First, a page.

Cumbria is one of the most dangerous areas for pedestrians in the Northwest, according to a new investigation.

The county makes up 14 per cent of the figures on pedestrians fatalities caused by cars, and ranks behind Greater Manchester, which accounts for 72 per cent of recorded fatalities since 2020, and Cheshire which logged 17 per cent.

It is followed by Merseyside which accounted for 11 per cent of figures.

The dangers for pedestrians in Cumbria are known, particularly in busy areas of Carlisle where pedestrian crossing provisinos may appear bountiful, but are in fact complained about frequently.

Ome areas, such as the crossing at the top of Warwick Road near Tesco, and the other end of Warwick Road near the hotel which people often use to cross despite there not being a pedestrian crossing point, are particularly risky.

Fast and frequent traffic on Dalston Road by Aldi is a problem area as well as it is can be difficult to find a good time to cross without running.

Similar areas include roads in Denton Holme, as well as busy sections of the city in Currock and around the Kingstown area.

The A66 by Brough, Keswick and Workington have seen accidents occur as well.

In the UK, an average of 372 pedestrians have been killed by cars each year since 2020, according to government statistics, but recent changes to the Highway Code introduced in 2022, sought to improve pedestrian safety. 

However, new research by Personal Injury Claims UK found that the number of fatalities, serious and slight injuries sustained as well as the number of overall collisions increased in Cumbria after the changes came into play.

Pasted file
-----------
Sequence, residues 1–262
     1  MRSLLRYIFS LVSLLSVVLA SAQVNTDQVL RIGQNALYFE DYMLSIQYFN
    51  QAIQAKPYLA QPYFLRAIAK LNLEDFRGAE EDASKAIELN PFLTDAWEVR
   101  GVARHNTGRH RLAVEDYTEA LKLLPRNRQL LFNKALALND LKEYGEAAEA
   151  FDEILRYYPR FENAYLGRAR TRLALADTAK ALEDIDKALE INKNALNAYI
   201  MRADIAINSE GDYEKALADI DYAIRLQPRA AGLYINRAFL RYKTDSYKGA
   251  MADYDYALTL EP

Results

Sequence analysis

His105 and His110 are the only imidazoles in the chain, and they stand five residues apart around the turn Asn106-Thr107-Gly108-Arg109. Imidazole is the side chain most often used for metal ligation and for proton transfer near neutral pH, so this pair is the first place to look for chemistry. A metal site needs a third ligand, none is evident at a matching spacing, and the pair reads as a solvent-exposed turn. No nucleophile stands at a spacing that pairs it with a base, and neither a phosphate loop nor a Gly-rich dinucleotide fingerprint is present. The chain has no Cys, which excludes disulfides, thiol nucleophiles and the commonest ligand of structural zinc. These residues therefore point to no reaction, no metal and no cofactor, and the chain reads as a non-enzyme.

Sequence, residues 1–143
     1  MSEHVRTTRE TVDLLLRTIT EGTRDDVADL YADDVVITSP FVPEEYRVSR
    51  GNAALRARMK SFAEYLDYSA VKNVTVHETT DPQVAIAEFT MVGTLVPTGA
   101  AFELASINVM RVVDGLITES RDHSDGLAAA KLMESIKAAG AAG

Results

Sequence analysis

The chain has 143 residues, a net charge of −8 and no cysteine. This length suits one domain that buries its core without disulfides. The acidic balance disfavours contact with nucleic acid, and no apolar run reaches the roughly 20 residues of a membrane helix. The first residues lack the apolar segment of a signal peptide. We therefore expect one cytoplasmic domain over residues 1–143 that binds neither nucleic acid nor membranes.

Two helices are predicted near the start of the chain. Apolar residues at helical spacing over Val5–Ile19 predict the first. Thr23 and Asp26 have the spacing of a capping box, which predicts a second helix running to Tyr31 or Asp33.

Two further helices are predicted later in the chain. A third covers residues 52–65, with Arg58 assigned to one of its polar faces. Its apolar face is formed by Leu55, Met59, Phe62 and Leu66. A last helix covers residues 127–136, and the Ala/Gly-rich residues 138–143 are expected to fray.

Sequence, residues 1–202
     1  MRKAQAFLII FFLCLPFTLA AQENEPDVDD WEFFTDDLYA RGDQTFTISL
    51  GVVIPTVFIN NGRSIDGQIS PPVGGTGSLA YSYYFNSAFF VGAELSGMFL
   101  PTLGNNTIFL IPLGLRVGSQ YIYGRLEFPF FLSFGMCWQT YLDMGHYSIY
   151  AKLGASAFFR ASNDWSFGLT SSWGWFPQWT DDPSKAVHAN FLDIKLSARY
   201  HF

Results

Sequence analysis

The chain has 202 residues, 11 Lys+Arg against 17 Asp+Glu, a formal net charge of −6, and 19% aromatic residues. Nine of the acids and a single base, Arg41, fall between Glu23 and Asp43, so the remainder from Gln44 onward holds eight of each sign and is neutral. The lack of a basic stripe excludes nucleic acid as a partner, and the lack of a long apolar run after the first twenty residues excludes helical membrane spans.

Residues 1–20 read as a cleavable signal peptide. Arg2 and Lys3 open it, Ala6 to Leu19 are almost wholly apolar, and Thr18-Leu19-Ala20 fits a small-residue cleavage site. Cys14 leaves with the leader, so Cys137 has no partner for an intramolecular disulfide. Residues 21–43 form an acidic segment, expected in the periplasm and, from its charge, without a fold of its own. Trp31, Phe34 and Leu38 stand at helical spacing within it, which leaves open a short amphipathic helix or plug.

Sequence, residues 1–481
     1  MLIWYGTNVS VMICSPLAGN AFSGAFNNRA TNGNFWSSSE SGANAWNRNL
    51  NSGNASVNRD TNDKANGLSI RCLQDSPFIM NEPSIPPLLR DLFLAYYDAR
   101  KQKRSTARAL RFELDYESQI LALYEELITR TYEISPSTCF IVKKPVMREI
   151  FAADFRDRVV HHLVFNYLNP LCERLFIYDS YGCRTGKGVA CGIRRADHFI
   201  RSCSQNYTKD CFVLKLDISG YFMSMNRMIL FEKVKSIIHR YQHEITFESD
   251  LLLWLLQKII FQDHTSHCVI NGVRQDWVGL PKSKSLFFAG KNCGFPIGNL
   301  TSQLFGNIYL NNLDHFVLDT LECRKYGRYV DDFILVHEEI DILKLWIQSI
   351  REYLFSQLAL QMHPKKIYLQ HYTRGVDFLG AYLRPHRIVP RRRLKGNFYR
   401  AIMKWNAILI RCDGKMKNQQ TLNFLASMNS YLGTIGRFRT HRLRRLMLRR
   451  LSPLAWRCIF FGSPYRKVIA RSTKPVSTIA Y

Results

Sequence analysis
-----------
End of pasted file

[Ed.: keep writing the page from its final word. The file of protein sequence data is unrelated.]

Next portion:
One of the most significant changes to the Highway Code was the hierarchy of road users designed to create ‘clearer and stronger priorities’ for pedestrians.

It advises drivers turning into or out of a junction to give way to pedestrians, cyclists and horse riders who are either crossing or waiting to cross the road. 

The aim was to improve the safety of the most vulnerable by also placing the greatest responsibility to reduce danger on vehicles that can cause the most harm such as large goods vehicles, vans, taxis and motorcycles. 

In Cumbria alone, the number of overall collisions rose by 26 per cent, with a total of 501 recorded incidents between 2022/23, up from 399 recorded in 2020/21.

Similarly, the number of pedestrians sustaining serious injuries increased by 13 per cent - from 120 before the Highway Code changes to 136 afterwards.

Figures for ‘slight injuries’ sustained went up by 31 per cent from 272 to 357.

One more pedestrian death caused by cars was recorded between 2022/23, up from a recorded seven fatalities in 2020/21.

New findings follow a report from the Government’s Public Accounts Committee in November 2023, which declared that messaging around the changes had not been communicated effectively enough to encourage public participation.